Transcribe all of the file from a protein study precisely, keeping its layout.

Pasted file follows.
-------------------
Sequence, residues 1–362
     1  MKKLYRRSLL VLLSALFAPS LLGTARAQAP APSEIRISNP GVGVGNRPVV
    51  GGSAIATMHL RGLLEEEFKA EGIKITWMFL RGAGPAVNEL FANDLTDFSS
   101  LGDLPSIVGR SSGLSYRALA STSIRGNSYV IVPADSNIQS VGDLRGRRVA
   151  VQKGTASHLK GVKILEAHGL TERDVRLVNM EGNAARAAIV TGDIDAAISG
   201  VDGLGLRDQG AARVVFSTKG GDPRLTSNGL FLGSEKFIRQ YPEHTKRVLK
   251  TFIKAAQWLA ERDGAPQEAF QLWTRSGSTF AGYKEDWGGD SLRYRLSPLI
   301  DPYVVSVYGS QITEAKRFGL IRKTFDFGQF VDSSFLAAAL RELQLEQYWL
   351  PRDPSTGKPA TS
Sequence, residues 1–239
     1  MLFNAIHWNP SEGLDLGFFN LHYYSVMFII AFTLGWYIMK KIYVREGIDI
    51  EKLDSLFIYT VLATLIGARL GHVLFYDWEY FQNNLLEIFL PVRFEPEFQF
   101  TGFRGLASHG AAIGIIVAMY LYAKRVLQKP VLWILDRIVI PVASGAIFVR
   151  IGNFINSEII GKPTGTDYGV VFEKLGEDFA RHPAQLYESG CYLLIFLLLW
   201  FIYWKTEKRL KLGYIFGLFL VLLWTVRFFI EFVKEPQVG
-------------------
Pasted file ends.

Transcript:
Sequence, residues 1–362
     1  MKKLYRRSLL VLLSALFAPS LLGTARAQAP APSEIRISNP GVGVGNRPVV
    51  GGSAIATMHL RGLLEEEFKA EGIKITWMFL RGAGPAVNEL FANDLTDFSS
   101  LGDLPSIVGR SSGLSYRALA STSIRGNSYV IVPADSNIQS VGDLRGRRVA
   151  VQKGTASHLK GVKILEAHGL TERDVRLVNM EGNAARAAIV TGDIDAAISG
   201  VDGLGLRDQG AARVVFSTKG GDPRLTSNGL FLGSEKFIRQ YPEHTKRVLK
   251  TFIKAAQWLA ERDGAPQEAF QLWTRSGSTF AGYKEDWGGD SLRYRLSPLI
   301  DPYVVSVYGS QITEAKRFGL IRKTFDFGQF VDSSFLAAAL RELQLEQYWL
   351  PRDPSTGKPA TS
Sequence, residues 1–239
     1  MLFNAIHWNP SEGLDLGFFN LHYYSVMFII AFTLGWYIMK KIYVREGIDI
    51  EKLDSLFIYT VLATLIGARL GHVLFYDWEY FQNNLLEIFL PVRFEPEFQF
   101  TGFRGLASHG AAIGIIVAMY LYAKRVLQKP VLWILDRIVI PVASGAIFVR
   151  IGNFINSEII GKPTGTDYGV VFEKLGEDFA RHPAQLYESG CYLLIFLLLW
   201  FIYWKTEKRL KLGYIFGLFL VLLWTVRFFI EFVKEPQVG